Robocall revenge--the postscript
Update at 5:20 p.m.:
Editor's note: Titus reports receiving inquiries from "Fox, NBC, CBS, MSNBC, a ton of local affiliates. Good Morning America is stopping by in about 40 minutes. I’ve got the Early Show tomorrow morning, followed by Fox and Friends." There was no immediate word on whether any of these appearances will require him to be up before 4:30 a.m.
Here is a postscript from my colleague Donna St. George to a front-page story she wrote today that has gotten a lot of buzz:
Aaron Titus was awakened from his sleep at 4:30 a.m. Wednesday by a robocall from the Prince George's County school system, letting him know it was a snow day and that schools would open two hours late. Titus already knew this because it had been posted online the night before, and he was annoyed to get yet another too-early call from the school system. His five children, ages 5 and under, including a one-week-old baby, were still sleeping, and he wanted to keep it that way.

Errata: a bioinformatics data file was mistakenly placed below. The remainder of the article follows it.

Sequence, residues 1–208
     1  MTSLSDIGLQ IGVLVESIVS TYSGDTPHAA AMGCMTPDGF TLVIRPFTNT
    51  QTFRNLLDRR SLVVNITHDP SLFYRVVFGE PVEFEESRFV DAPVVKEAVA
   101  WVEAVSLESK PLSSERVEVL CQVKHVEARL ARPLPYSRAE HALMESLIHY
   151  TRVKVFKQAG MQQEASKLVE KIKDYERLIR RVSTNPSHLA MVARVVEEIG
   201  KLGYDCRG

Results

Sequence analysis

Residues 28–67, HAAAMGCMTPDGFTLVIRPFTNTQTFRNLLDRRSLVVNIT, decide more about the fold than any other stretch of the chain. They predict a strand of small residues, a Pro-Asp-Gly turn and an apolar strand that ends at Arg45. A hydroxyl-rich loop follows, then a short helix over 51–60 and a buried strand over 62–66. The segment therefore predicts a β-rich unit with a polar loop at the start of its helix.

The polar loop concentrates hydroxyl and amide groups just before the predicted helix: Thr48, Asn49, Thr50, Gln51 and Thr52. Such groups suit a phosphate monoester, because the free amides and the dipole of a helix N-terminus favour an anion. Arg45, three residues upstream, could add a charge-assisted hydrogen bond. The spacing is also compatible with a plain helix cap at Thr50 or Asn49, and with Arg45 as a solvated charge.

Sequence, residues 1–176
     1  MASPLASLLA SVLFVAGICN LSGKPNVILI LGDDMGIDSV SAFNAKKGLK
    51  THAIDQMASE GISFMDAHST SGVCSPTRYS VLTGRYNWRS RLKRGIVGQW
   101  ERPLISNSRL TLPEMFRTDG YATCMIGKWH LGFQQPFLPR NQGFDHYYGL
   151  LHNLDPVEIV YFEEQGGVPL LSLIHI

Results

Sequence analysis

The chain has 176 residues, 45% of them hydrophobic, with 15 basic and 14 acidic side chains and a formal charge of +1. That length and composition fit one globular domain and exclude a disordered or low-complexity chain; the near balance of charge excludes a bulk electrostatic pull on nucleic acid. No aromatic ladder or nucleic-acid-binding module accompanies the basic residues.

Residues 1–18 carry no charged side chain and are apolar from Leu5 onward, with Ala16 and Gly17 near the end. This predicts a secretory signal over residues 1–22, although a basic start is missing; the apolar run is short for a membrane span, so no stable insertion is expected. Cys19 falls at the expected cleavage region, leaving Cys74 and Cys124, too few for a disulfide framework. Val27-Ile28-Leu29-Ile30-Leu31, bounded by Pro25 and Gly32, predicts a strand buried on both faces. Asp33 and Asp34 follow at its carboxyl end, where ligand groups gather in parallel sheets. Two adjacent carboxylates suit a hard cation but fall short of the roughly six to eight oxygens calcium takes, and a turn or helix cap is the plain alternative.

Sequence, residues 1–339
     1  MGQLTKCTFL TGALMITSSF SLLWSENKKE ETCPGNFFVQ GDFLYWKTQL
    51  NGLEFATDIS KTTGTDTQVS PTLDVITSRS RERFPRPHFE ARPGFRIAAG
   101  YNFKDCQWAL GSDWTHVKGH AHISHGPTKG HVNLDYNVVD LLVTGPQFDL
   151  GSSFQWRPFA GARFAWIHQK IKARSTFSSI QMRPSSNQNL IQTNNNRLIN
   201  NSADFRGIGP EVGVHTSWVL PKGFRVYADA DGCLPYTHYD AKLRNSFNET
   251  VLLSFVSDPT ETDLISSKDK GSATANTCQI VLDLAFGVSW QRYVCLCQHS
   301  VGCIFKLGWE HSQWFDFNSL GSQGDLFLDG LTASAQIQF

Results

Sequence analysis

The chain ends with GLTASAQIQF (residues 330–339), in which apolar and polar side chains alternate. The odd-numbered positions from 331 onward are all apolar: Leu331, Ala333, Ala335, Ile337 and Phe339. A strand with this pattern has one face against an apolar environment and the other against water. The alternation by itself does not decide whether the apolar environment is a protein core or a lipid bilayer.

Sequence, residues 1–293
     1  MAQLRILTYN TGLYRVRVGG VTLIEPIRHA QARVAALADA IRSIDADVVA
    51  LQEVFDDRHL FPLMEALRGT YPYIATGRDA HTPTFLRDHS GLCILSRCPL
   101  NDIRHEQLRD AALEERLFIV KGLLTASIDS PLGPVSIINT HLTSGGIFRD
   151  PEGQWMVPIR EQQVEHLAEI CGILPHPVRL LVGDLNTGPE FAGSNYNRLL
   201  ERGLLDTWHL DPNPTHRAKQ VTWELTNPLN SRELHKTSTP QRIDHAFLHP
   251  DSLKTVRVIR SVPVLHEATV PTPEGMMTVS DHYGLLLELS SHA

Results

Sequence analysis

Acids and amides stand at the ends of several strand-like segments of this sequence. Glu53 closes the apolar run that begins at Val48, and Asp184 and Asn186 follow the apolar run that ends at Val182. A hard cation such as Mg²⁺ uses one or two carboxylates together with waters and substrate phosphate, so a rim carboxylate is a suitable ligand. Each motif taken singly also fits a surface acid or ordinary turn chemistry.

So, for the next morning, the 31-year-old Fort Washington dad arranged his own robocall--to the members of the school board, as well as the superintendent and general counsel. All were called at 4:30 a.m. Thursday with an automated message from a Prince George's County School District parent, "to return the favor." He said in the message that he hoped the jarring wake-up call would "demonstrate why a 4:30 a.m. call does more to annoy than to inform."
The Post published the story Friday, and it quickly became an online hit, with hundreds of comments and readers divided about whether Titus was an "everyday hero" or a crank who had gone too far. Titus agreed to do a chat for The Post. The chat started: "This is Aaron Titus. Boy, I didn't expect to be here today."
Not long after the story was published, television shows came looking for Titus, including MSNBC and ABC's "Good Morning America."
Readers weighed in. One from Missouri noted that her school system in Clayton allows parents to "opt out" of robocalls, but families must renew the decision every school year. She recently realized she had forgotten to do so -- after she was awakened at an hour too early for her liking: 5:30 am. "My fault," she said. She advises Washington-area school leaders: "The technology to do the opt-out is apparently not hard to implement."
Washington Post editors
| January 14, 2011; 3:52 PM ET
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